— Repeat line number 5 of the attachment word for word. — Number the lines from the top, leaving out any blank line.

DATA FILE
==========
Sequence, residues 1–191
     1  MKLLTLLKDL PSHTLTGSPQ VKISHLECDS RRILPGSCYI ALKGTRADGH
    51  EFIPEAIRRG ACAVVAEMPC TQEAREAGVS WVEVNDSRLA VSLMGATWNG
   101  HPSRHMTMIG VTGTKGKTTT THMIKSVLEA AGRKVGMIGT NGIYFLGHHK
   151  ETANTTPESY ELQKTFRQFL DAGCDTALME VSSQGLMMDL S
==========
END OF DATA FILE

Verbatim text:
   151  ETANTTPESY ELQKTFRQFL DAGCDTALME VSSQGLMMDL S